Vomiting is common in children and can happen for a number of reasons. It’s usually due to an infection in the gut – gastroenteritis – and will clear in a day or two. Occasionally it can indicate something serious, but other signs also guide you to recognise this.
Gastroenteritis can also cause diarrhoea – this may appear a few hours or a day after vomiting starts – and abdominal pain or cramps. Children are usually off their food, and they may have a mild fever.
If it lasts longer than a couple of days or they are struggling to keep fluids down, it’s time to contact your doctor.
Gastroenteritis is an infection by a virus and norovirus is known as the vomiting bug, although it can also cause diarrhoea. Bacteria is less common but can also infect the gut and cause vomiting. These can be picked up from other children – from contaminated poo to fingers to mouth – or from food.
Vomiting can sometimes be a sign of something serious. Meningitis is a bacterial infection affecting the brain, and your child may become suddenly unwell, with neck stiffness, being unable to tolerate the light (photophobia), and possibly a rash that doesn’t go away with a glass tumbler pressed on it.
In babies, posseting is common after feeds and nothing serious, but projectile vomiting is not common and may indicate something serious if it persists after feeds.
Vomiting can also occur from car sickness or other motion, from an ear infection if balance is affected, from a head injury or concussion, with appendicitis and if they’ve simply eaten too much.
Your child or baby is contagious from the time they get the first symptoms until they have recovered. They should stay off school and avoid pregnant or immune-compromised people until their symptoms have resolved for 48 hours. Other parents will thank you for that.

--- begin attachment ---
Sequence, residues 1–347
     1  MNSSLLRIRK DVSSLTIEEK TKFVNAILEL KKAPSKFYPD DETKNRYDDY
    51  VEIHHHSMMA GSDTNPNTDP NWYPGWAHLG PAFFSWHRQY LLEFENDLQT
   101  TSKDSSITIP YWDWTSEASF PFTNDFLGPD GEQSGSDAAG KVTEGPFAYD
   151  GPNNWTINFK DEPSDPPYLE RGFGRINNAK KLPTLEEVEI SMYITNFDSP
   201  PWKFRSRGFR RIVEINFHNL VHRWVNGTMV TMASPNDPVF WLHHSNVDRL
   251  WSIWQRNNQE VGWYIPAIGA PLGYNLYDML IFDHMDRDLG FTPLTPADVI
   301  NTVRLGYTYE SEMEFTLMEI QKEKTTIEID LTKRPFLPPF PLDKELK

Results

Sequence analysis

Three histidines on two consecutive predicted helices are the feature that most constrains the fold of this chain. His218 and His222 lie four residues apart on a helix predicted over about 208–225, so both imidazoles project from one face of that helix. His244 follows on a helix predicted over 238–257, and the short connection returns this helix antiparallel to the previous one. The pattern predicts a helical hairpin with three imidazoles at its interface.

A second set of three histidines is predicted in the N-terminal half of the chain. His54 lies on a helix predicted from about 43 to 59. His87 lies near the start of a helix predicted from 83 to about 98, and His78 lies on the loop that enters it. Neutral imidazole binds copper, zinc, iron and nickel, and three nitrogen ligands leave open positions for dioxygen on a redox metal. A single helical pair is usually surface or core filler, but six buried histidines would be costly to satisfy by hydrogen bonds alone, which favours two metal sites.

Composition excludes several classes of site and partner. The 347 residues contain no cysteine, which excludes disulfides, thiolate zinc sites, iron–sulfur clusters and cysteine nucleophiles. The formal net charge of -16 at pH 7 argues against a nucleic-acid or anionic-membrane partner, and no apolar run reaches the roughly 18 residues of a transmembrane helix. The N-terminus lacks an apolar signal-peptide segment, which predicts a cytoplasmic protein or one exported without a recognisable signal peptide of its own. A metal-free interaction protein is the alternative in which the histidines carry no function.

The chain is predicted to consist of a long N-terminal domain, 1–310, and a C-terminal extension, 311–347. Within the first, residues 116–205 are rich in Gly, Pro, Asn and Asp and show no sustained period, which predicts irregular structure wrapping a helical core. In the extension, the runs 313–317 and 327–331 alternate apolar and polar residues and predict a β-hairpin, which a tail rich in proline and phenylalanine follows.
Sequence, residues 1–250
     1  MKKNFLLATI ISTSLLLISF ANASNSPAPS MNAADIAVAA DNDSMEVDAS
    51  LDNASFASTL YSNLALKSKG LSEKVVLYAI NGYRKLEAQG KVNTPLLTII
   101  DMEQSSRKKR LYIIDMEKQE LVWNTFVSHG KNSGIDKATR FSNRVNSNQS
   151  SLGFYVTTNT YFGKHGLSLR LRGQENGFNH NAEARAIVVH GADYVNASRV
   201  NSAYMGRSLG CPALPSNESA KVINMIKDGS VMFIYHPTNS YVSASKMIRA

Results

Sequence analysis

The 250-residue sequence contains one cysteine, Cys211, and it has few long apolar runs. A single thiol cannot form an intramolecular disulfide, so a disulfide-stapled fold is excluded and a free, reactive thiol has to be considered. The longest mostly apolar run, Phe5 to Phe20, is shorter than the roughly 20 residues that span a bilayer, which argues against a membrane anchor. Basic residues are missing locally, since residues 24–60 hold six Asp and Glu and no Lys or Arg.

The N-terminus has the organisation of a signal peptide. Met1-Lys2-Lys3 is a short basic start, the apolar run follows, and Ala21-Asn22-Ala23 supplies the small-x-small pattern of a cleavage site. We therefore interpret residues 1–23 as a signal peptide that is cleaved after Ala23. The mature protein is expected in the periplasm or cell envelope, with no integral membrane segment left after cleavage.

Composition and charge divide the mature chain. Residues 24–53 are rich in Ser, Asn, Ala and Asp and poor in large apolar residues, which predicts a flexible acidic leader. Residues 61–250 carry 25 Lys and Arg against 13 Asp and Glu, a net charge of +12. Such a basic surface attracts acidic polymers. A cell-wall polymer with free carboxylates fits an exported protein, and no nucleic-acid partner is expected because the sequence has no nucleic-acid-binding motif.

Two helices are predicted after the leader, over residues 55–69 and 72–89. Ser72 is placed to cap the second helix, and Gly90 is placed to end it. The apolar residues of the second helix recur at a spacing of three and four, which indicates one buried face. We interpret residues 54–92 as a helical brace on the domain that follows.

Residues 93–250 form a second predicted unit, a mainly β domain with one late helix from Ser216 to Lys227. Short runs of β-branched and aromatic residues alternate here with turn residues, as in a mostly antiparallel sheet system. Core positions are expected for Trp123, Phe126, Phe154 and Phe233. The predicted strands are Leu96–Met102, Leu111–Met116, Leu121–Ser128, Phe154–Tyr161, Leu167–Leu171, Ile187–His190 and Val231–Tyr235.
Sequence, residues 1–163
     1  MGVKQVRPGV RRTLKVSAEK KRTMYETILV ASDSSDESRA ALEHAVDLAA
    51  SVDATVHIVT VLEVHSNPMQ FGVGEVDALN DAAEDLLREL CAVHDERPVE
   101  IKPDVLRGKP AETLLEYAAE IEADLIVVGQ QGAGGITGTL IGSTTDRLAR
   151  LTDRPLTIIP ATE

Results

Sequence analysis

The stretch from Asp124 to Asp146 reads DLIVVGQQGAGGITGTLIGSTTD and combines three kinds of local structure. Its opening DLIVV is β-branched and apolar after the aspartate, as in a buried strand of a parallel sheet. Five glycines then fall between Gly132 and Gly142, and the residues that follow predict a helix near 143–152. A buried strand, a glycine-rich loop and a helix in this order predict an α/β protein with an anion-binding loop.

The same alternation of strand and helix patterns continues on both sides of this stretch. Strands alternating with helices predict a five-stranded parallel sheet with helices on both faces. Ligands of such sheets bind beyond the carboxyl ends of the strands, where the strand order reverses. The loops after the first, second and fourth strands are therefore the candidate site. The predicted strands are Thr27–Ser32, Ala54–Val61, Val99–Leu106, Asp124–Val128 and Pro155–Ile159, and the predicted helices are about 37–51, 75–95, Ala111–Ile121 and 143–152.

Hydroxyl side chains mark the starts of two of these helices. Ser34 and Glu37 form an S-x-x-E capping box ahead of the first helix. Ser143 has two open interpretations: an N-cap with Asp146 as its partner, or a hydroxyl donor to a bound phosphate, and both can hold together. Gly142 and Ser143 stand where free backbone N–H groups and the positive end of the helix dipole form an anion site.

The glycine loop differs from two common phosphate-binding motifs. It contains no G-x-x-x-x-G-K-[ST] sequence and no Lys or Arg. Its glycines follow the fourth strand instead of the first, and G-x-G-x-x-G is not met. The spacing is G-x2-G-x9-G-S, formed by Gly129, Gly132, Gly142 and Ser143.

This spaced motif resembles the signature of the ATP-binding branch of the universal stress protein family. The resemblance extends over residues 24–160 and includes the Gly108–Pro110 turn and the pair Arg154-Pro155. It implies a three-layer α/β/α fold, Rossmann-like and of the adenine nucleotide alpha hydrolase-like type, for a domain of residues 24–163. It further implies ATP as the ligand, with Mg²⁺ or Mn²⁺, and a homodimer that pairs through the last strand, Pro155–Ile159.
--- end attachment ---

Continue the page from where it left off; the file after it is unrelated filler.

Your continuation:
Make sure that you maintain could hand hygiene at home, to avoid other children or members of the household catching any bug. If you can, give them a bathroom just for them, and make sure you wash your hands and theirs thoroughly after vomiting, toileting or before preparing or eating food.
The main thing to do is to keep the child or baby hydrated. Babies should continue to feed as usual, and you can supplement a little water between their feeds. Older children should be encouraged to have regular, small but frequent sips of water to prevent dehydration. Avoid them taking big gulps or drinking lots of water in one go, as this can stretch the stomach lining and can activate the vomit reflex.
They can lose lots of important salts through repeated vomiting – potassium, sodium and chloride – so it can be a good idea to give oral rehydration salts with water to replace any lost salts and keep their body in balance.
Dairy products, sugary foods, and spicy or flavourful food should be avoided. Sticking to soft, dry, basic foods like soup or dry toast is advised.
If your child is vomiting clear fluids for more than 8 hours, is unable to keep fluids down, vomiting blood, has blood in the poo or shows any sign of dehydration, you should seek urgent medical attention.
Signs of dehydration include fewer wet nappies, persistent diarrhoea or vomiting with no signs of improvement, persistent fevers, and lethargy, irritability or increased fussiness.
Vomiting lasting more than 2 days should be discussed with your doctor.
Any sign of meningitis – a non-blanching rash, neck stiffness and photophobia – is an emergency and you should attend the emergency department or call 999.
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